A person in a dance studio, in mid-leap, with arms and legs blurred in motion. There is a projection of a blurry dancer on a white wall in the background

Contemporary Dance Solo

rEvolver Festival

Robert Azevedo felt bad for the family and friends who would always come support his dance performances even though they “don’t get it” and then afterwards wonder why he didn’t audition for So You Think You Can Dance. After all, that’s what good dancers do, right? Instead of continuing to ask them to come see dance they don’t seem to enjoy, he wanted to meet them halfway and give them the kind of contemporary dance they were expecting.

Azvedo has taught himself a lineup of contemporary dance solos from YouTube. Specifically, videos of dance competition solos in the Contemporary category performed by young dancers between 7 and 17 years old. The audience can watch the original videos projected alongside Azvedos dancing body in order to compare the two forms and styles.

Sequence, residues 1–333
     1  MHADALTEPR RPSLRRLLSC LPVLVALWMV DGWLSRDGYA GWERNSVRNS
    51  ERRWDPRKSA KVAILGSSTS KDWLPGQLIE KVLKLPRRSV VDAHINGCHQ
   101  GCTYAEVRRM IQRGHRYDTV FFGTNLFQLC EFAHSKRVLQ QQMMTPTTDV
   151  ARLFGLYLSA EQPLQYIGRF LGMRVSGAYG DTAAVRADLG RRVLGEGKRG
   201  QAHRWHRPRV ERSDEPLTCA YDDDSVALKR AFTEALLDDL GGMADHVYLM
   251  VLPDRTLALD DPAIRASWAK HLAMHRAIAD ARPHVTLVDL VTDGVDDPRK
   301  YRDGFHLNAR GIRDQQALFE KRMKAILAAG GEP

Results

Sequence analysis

The only problem is that these dances were created as 2- or 3-minute powerhouse showcases for young flexible girls. Putting 18 of them together forces Azevedo to manage his exhaustion and keep smiling through the pain; after all, that’s what good dancers do, right?

In performing these solos in succession for one hour, Azvedo pays homage to the skill and ability of these young dancers, while reframing their dances to satisfy his own parameters of contemporary dance.

To the family and friends of contemporary dancers everywhere, Contemporary Dance Solo is a gift to you. Sit back and see the kind of dance you are secretly hoping for every time.

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